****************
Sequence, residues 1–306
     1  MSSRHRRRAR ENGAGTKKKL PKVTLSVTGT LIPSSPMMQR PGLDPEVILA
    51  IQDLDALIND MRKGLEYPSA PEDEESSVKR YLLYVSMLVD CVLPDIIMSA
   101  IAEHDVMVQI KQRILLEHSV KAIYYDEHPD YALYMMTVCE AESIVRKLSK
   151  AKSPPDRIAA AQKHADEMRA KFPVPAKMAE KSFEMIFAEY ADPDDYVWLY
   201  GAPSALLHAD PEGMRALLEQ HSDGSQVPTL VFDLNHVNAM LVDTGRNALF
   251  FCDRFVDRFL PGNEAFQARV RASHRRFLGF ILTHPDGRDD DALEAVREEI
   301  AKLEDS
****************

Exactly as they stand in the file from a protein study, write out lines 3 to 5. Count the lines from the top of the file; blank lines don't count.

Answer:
    51  IQDLDALIND MRKGLEYPSA PEDEESSVKR YLLYVSMLVD CVLPDIIMSA
   101  IAEHDVMVQI KQRILLEHSV KAIYYDEHPD YALYMMTVCE AESIVRKLSK
   151  AKSPPDRIAA AQKHADEMRA KFPVPAKMAE KSFEMIFAEY ADPDDYVWLY